Associate Vice-President (Indigenous Teaching, Learning and Research) Kahente Horn-Miller has received a significant leadership award for her ongoing work on Indigenous research methodologies, Indigenous governance and consensus-based decision-making.

Prof. Horn-Miller is this year’s recipient of the Outstanding Achievement in Intellectual Advancement Award that was presented in September as part of the fourth annual Celebration of Nations Outstanding Achievement Awards in St. Catharines, Ont.

“This award is very meaningful for me as an indigenous community member. I was chosen by my peers, a recognition I value,” said Horn-Miller. “They hold me up in the work that I do, and therefore they are holding up the students and the young people that are currently in academia. The work that I’m involved in is a communal effort. And this award really epitomizes that.”

Prof. Horn-Miller is an associate professor in the School of Indigenous and Canadian Studies at Carleton. She serves as one of three co-chairs of the Carleton University Strategic Indigenous Initiatives Committee, which developed Kinàmàgawin, Carleton’s revitalized Indigenous strategy that includes 41 Carleton-specific calls to action to work towards conciliation with Indigenous Peoples and to make Carleton a more inclusive space. On July 1 2020, she was appointed as Carleton’s inaugural Assistant Vice-President, Indigenous Initiatives, a role that has since been elevated to Associate Vice-President, Indigenous Teaching, Research and Learning.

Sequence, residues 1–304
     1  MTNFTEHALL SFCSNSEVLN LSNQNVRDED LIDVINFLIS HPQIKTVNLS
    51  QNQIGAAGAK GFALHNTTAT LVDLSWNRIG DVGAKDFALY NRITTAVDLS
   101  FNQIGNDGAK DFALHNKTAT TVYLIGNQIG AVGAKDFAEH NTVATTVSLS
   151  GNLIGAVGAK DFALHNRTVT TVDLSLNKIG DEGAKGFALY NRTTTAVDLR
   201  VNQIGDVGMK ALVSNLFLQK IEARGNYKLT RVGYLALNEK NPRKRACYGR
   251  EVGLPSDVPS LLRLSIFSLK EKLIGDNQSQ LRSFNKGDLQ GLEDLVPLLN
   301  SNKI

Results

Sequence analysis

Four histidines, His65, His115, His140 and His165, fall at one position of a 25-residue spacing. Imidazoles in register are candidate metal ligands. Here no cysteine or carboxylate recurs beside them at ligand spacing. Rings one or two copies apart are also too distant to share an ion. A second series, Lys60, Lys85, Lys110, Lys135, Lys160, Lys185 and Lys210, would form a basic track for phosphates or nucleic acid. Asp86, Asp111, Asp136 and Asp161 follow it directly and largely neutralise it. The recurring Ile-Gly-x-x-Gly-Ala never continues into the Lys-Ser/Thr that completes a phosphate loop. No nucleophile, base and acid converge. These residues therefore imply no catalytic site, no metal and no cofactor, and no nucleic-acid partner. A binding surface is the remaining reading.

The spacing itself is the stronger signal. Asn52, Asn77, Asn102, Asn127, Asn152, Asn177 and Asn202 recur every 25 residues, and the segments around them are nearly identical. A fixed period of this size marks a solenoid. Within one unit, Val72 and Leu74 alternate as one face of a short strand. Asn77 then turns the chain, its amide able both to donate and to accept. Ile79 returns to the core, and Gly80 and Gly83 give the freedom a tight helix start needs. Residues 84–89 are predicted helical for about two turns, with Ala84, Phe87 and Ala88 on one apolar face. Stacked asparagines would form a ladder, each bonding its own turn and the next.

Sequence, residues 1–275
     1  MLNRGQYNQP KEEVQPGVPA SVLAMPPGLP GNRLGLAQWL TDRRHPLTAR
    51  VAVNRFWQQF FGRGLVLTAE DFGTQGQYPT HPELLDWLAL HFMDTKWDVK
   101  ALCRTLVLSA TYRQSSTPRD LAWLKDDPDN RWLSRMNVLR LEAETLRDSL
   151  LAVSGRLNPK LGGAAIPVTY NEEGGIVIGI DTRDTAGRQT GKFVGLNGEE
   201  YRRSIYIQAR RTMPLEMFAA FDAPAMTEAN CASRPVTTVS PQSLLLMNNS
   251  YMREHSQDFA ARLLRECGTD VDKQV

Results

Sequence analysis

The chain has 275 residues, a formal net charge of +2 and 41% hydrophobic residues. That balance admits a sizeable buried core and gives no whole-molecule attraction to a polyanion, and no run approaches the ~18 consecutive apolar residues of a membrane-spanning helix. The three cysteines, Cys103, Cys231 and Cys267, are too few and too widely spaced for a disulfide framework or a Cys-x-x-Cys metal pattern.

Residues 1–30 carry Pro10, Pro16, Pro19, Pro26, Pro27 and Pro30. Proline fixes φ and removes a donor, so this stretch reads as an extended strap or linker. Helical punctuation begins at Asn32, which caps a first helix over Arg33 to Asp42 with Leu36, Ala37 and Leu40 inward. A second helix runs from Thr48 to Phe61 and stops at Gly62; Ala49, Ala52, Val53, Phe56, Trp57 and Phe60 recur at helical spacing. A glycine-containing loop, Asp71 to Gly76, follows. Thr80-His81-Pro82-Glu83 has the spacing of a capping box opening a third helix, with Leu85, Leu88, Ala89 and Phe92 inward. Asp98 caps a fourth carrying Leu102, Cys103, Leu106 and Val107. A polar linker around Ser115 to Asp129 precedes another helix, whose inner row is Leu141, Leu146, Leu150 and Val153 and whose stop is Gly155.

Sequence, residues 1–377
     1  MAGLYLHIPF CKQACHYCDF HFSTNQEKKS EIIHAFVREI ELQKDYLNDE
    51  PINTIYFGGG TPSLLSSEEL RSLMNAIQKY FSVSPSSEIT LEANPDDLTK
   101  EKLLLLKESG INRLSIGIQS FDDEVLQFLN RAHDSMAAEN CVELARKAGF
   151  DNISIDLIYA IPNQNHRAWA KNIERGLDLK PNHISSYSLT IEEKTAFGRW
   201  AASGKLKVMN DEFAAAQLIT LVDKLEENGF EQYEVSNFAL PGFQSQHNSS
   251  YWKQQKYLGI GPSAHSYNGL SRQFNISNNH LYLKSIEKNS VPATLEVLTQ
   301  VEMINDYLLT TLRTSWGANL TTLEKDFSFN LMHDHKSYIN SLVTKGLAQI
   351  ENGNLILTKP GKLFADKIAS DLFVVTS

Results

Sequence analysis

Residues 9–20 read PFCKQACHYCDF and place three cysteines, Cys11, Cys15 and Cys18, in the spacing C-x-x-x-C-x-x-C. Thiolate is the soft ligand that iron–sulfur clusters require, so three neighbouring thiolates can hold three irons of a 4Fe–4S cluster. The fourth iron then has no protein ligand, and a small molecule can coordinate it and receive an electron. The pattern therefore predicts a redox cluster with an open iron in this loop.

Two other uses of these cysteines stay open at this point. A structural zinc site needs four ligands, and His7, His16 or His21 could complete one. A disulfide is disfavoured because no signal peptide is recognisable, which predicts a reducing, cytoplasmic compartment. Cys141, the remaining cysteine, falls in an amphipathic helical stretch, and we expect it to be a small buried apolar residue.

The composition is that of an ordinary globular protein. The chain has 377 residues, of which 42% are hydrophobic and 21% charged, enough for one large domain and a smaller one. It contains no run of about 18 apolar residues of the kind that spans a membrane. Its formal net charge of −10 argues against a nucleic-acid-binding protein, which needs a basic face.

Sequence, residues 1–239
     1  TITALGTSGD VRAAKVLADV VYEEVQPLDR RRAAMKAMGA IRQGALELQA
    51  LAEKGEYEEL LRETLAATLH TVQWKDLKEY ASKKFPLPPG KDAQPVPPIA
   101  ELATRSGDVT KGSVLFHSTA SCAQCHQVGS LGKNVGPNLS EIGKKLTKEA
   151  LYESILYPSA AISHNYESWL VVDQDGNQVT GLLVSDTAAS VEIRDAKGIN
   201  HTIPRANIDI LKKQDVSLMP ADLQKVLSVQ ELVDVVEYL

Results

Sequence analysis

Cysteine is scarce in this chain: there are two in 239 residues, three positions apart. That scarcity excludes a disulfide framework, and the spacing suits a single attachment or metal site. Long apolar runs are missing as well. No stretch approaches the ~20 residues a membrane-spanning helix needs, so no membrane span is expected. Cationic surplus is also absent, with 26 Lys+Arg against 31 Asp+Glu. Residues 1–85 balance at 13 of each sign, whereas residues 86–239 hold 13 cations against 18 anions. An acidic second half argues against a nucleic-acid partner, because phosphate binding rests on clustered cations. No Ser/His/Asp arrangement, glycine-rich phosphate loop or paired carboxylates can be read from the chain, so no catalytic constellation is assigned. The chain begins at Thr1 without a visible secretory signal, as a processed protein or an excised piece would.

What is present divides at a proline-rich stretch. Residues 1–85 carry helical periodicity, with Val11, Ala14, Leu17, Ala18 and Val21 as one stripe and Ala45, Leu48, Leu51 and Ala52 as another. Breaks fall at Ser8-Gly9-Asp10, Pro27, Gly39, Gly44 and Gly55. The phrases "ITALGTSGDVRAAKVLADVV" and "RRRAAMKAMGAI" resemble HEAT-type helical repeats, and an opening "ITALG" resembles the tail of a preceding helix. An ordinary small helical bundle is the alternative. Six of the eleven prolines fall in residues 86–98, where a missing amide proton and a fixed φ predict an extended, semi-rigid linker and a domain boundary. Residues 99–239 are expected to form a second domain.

Prof. Horn-Miller initiated the Indigenous Collaborative Learning Bundles at Carleton and works to substantially increase Indigenous content in classrooms across various disciplines. Dr. Horn-Miller’s research and teaching is centred in the development of Haudenosaunee-specific and pedagogical practices. Her research interests include Indigenous methodologies, Indigenous women, identity politics, colonization, Indigenous governance, and consensus-based decision making.

“On behalf of Carleton University, congratulations to Kahente on receiving this award,” said Provost and Vice-President (Academic) Jerry Tomberlin. Kahente’s work and leadership in fostering Indigenous ways of knowing in teaching, learning and research in the academy and in community continues to have tremendous positive impact in Carleton University’s and Canada’s journey towards conciliation.”

The Celebration of Nations is part of a long-term vision of the FirstOntario Performing Arts Centre, Kakekalanicks and the City of St. Catharines and the awards are intended to honour exceptional people whose contributions to Indigenous knowledge, language, art, history and culture are widely recognized, respected and valued.